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Trying to write a code at the moment that basically tests to see if the letter that lies at r (so here (2,3)) is equal to a particular letter or string.

def test():

txt = "test.txt"
r = (2,3)
if txt[r[0]][r[1]] == 'l':
    return (True)
elif txt[r[0]][c[1]] == "m":
    return (False)
elif txt[r[0]][c[1]] == "b":
    return (True)

But i keep getting an error. The error dialogue is this:

if txt[r[0]][r[1]] == 'l':
IndexError: string index out of range

I have no idea what im doing wrong considering i had it working earlier today. Also, before you ask, i have to code it this way for a particular reason.


share|improve this question
Why are you using (2,3) instead of 2 as index? - and what is c? –  Kimvais Mar 29 '12 at 7:28
Thank you so much for the help guys. –  Hoops Mar 29 '12 at 7:41

3 Answers 3

up vote 4 down vote accepted

Please note,

if txt[r[0]][r[1]] == 'l':

should be written as

if txt[r[0]:r[1]] == 'l':

and similarly other usage should be changed

share|improve this answer
whoops wrong one –  Hoops Mar 29 '12 at 7:31

What are you trying to do? What would your return be?

The reason it doesn't work is this:

r = (2,3)
txt[r[0]][r[1]] -> txt[2][3]

txt[2] == 's'
s[3] -> IndexError

As mentioned by @Abhijit, if you are trying to grab the character by doing a slice, then

txt[r[0]:r[1]] is correct.

However, if you are always doing a slice that grabs one character, meaning your r tuple is always of the form (N, N+1), like (2, 3), then you may want to change your strategy.

Note that for your given example you could do:

if any([letter in txt for letter in ['l', 'b']]):
    return True

If you need to check for actual slices in the text and not just a single character, then the above will still work.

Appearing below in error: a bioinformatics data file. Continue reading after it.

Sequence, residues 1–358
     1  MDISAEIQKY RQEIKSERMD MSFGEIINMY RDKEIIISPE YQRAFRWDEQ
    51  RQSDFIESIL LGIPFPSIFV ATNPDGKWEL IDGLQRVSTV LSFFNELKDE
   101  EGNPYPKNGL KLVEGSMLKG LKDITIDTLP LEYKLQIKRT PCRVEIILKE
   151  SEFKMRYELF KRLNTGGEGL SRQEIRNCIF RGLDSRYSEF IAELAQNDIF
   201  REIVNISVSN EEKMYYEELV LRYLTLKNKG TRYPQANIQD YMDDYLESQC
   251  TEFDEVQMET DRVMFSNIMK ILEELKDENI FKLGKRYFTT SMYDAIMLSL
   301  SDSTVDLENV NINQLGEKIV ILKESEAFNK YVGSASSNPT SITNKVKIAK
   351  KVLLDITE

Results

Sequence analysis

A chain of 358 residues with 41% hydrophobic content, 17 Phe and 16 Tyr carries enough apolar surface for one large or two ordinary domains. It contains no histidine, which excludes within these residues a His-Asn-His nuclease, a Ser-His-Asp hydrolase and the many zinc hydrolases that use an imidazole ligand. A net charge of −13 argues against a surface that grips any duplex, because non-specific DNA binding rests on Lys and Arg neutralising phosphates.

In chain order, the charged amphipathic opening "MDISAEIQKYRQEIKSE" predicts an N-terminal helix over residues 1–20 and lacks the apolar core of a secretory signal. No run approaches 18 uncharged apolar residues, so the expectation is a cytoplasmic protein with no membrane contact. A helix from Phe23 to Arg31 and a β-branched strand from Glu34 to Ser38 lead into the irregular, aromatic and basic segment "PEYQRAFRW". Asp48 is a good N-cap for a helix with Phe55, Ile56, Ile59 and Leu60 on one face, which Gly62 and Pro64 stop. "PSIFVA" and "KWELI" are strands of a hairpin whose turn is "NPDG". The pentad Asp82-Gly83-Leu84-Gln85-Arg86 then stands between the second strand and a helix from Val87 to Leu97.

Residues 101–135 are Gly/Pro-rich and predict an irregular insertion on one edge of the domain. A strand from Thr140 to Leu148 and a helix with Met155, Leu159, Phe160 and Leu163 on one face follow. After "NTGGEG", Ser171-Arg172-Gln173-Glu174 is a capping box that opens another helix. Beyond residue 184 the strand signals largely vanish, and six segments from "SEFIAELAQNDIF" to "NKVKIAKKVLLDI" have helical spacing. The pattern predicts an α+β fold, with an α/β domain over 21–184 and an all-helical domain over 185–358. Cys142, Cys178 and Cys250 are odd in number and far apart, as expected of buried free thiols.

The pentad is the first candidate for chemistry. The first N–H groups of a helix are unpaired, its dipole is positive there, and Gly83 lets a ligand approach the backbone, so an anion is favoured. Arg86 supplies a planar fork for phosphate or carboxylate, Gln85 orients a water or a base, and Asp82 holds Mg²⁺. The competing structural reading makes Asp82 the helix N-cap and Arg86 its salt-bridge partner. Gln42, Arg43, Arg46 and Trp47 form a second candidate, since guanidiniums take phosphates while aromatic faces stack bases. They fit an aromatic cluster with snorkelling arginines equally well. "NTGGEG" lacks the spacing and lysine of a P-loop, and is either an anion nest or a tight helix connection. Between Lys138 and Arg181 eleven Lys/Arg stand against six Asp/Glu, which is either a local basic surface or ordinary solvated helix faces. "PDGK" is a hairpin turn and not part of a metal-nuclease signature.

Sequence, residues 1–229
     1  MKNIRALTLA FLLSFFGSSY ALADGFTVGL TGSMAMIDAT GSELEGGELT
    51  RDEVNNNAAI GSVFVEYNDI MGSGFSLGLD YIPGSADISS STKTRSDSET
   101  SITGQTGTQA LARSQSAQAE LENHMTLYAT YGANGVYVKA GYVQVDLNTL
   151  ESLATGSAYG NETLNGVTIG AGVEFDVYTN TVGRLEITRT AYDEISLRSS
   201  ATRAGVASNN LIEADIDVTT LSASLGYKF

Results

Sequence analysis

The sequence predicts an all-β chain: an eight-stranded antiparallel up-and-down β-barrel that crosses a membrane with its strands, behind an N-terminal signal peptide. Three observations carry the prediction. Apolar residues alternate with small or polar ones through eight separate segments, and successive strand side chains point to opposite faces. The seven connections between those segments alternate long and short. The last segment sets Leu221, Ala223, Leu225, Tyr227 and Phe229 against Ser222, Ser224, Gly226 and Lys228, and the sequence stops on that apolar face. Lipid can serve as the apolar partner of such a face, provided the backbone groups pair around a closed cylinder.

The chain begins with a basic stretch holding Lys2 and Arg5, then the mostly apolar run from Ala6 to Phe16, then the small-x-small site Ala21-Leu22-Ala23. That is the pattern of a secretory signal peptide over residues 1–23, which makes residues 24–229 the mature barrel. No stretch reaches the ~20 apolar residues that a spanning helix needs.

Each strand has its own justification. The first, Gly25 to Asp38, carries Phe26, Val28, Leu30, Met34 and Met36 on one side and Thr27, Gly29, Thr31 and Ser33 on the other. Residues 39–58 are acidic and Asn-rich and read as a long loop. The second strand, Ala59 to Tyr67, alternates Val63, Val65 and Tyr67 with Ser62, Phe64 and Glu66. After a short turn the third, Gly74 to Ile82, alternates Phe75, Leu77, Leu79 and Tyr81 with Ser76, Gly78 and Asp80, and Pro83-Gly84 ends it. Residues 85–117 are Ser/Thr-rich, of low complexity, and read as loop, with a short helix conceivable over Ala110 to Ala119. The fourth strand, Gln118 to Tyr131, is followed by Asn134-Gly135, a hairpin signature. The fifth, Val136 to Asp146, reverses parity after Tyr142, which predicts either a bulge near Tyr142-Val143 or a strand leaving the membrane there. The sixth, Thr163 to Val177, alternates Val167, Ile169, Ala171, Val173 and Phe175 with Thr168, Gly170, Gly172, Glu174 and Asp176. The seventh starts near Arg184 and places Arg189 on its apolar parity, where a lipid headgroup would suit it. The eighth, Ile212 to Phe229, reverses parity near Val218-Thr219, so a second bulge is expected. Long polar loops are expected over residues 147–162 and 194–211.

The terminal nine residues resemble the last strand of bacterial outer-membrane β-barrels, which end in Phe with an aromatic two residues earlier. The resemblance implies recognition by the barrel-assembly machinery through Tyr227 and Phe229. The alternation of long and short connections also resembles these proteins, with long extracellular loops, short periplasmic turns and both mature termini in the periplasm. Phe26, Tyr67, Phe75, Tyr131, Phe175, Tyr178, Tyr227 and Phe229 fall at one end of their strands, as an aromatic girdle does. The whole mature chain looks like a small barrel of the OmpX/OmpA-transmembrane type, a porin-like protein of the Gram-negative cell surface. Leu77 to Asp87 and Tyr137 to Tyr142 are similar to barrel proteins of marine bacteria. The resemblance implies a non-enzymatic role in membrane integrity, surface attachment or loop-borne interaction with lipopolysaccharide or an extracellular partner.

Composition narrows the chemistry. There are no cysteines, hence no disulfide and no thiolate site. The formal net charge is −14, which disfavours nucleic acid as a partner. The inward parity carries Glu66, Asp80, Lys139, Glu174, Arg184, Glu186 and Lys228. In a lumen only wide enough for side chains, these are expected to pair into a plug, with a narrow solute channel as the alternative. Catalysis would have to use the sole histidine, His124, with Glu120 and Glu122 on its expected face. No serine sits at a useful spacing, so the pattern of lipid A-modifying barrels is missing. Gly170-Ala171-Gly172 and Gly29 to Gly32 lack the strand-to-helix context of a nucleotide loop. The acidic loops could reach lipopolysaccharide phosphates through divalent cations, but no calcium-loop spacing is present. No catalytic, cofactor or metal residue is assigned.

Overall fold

if any([letter_group in txt for letter_group in ['te', 'st']]):
    return True

or even:

if any([letter in txt for letter in 'lb']]):
    return True

for example...

share|improve this answer
im trying to test whether or not the letter is in that coordinate. in the first example where it equals "l", i want it to return true if the particular element is "l" –  Hoops Mar 29 '12 at 7:26
Ok, so "test.txt" is a file not the string? –  Kimvais Mar 29 '12 at 7:30
Right, so if you are only looking for a single character, then you don't need to use a slice, you can just use an index offset like txt[r] where r = 2 –  sberry Mar 29 '12 at 7:34

You don't need to do a slice to check if a character is present at a certain location. For example:

txt = 'test.txt'
if txt[2] == 's':
    print 'runs'

So if you coordinate is (2, 3) then you only need to use the first value:

txt = 'test.txt'
coord = (2, 3)
if txt[coord[0]] == 's':
    print 'runs'
share|improve this answer
While I agree with you that a slice is not needed if the range is always the form (N, N+1), if it isn't, or the OP needs to check for mutli-character matches, then a slice is still needed. –  sberry Mar 29 '12 at 7:35
@sberry: True indeed, the slice approach is still needed in that case. –  Simeon Visser Mar 29 '12 at 7:43

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